Yep. While exercise  is safe and recommended for most pregnant women there are a few situations where you really shouldn’t be exercising. The American College of Gynaecologists makes a list of absolute reasons not to exercise during pregnancy. These include:

  • Unstable Blood Pressure,
  • Restrictive Lung disease,
  • Incompetent cervix and or a cervical stitch,
  • Persistence 3rd trimester bleeding,
  • Placenta previa (after 26 weeks) ,
  • Premature labour,
  • Ruptured membrane,
  • Pre-eclampsia,
  • And pregnancy induced hypo-tension (low blood pressure),

But Chloe, I want to run, can I run during pregnancy?

If you’re going to insist upon running, assuming you have clearance from your doctor, then do listen to your body, stay hydrated, don’t push through pain, and if something doesn’t feel right, it’s probably not right.

  • Speak to your pelvic health physiotherapist.
  • Consider support gear
  • Insist on excellent, well fitting shoes (your feet may have changed shape and size)
  • Accept that you’re probably going to be slower
  • Don’t run during hot weather, or run indoors with air conditioning

In short

I encourage you to exercise, running if it doesn’t hurt or make you pee is a good way to get moving. However, if it doesn’t feel right, it’s probably not. Listen to your body, listen to your care providers and keep moving because you love yourself.
If you need to give up running for a little while, remember it will be waiting for you when you de-sprog (my fancy term for birthing your baby) and you can get your runner’s high on again.

 


July 2, 2017
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Hey you sparkly, glowing, goddess, you! Pregnancy can be an uncomfortable time for some women and one of the number one reasons I refer my clients to a physiotherapist is because they’re experiencing back and pelvic pain.

You know that exercising during pregnancy is great, right? And you know how to stay safe during your workouts by following a few sensible guidelines, and we love the idea of you making healthy life choices and getting a bit sweaty while you grow your tiny human!

Unfortunately a huge number of women experience pelvic pain, often in the sacro illiac joint (nasty-assed-pain in your lower back) or in their pubic symphisis (nasty-assed-pain in your pubic bone)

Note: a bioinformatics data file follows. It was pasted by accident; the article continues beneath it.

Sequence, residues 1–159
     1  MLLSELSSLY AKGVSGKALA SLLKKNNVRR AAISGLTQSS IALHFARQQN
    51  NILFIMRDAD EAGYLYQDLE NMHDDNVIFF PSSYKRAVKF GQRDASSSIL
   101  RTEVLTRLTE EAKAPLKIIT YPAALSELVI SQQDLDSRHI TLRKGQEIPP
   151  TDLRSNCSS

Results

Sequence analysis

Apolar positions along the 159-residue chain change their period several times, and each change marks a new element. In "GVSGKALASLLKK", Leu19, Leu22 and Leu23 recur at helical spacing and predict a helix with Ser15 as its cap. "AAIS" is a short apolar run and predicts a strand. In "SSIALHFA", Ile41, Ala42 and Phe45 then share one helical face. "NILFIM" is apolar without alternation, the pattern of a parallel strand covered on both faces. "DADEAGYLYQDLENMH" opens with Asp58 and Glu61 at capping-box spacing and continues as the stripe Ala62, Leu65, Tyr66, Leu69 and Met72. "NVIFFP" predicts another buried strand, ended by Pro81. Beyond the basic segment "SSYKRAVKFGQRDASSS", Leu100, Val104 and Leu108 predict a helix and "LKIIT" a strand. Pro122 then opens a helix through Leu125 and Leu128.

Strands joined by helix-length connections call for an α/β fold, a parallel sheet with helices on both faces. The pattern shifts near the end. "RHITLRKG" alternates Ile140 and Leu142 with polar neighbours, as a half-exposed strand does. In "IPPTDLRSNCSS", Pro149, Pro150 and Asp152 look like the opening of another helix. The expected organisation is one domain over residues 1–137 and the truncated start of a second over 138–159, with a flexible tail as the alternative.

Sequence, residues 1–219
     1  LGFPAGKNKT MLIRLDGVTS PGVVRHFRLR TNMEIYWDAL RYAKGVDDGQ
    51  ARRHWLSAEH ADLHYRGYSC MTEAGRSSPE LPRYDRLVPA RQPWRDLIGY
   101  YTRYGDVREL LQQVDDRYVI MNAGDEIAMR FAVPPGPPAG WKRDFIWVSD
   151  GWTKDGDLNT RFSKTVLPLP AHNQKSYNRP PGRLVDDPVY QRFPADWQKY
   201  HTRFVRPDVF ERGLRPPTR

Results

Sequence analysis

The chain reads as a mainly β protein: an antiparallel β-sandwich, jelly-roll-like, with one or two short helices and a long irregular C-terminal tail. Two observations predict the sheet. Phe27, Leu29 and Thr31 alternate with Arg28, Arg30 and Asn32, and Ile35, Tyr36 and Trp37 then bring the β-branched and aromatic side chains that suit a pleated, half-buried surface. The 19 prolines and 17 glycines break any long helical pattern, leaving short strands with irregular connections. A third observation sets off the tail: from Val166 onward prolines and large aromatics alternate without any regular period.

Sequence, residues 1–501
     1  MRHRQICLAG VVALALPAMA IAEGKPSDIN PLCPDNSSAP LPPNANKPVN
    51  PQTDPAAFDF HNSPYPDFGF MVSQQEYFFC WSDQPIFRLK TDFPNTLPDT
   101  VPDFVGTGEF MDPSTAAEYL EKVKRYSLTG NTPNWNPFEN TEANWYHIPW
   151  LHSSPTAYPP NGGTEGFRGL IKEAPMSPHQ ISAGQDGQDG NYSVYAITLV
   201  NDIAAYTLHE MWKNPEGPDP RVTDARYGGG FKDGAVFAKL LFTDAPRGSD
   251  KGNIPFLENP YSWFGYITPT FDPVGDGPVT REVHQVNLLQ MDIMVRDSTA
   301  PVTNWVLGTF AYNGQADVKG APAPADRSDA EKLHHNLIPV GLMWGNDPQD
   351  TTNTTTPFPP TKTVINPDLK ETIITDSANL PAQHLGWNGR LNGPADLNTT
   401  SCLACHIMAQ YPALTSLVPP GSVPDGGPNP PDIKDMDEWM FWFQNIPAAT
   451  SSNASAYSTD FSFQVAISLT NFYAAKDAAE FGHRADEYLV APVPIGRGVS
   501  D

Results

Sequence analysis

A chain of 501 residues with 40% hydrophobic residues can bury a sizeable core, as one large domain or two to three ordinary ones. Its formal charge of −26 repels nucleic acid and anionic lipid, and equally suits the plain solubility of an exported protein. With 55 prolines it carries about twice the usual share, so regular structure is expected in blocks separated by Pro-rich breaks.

Unfortunately a huge number of women experience pelvic pain, often in the sacro illiac joint (nasty-assed-pain in your lower back) or in their pubic symphisis (nasty-assed-pain in your pubic bone)

But WHY, Chloe, Why?

As your belly grows, your core muscles stretch and weaken and you start producing relaxin in preparation for growth and birth, everything gets a bit loosey goosey, and can slip out of place, resulting in inflammation and pain.

Basically, all the lovely things that your body does as it prepares for labour and birth create the perfect conditions for your pubic bone and SIJ joint to get a bit cranky, inflamed and sometimes agonisingly painful.

So let’s look at the exercises you should AVOID so as not to aggravate already cranky joints, and keep your pregnancy as pain free as possible.

Avoid single leg exercises – loading up your SIJ and pubic symphisis joint with shearing forces when it’s already unstable can really hurt. Sometimes this can even mean walking in water is too much for the old joints.  Single leg movements like lunges, kick backs,

Avoid high impact exercises like skipping, jumping, metafit classes, and running are bad news for inflamed, cranky, sore joints.

Avoid wide legged poses – stretching a joint that is already inflamed and under pressure is going to hurt, and make it worse (I found this out the hard way personally, after trying to “heal” my pubic pain by sitting almost exclusively in tailor pose)  so avoid wide legged squats, lunges, lateral lunges, and basically anything that adds undue stress to your aching pelvis.

Basically, all the lovely things that your body does as it prepares for labour and birth create the perfect conditions for your pubic bone and SIJ joint to get a bit cranky, inflamed and sometimes agonisingly painful.

If you’re not cringing reading all of this, you’re doing better than me writing it, I have my legs firmly squeezed together.

The good news is there are still plenty of exercises you CAN do to stay fit and active during your pregnancy. Modify your workouts so that you’re seated, supported, and stable through your pelvis.

Some basic exercises that you can include in your regime are:

And depending on what else is going on in your body your personal trainer can recommend a workout regime to keep you stable and pain free.

If you are experiencing SPD pain, then there are things you can do!

  1. Speak to your doctor
  2. Speak to a pelvic health physiotherapist (do it do it do it!)
  3. Wear support garments (speak to your physiotherapist and get a GOOD quality one)
  4. Take care as you move, especially getting in and out of cars and bed. Keep your legs together.
  5. Apply ice/heat if it gives you comfort
  6. Support yourself when you’re sleeping with pillows, and try and lie on your side.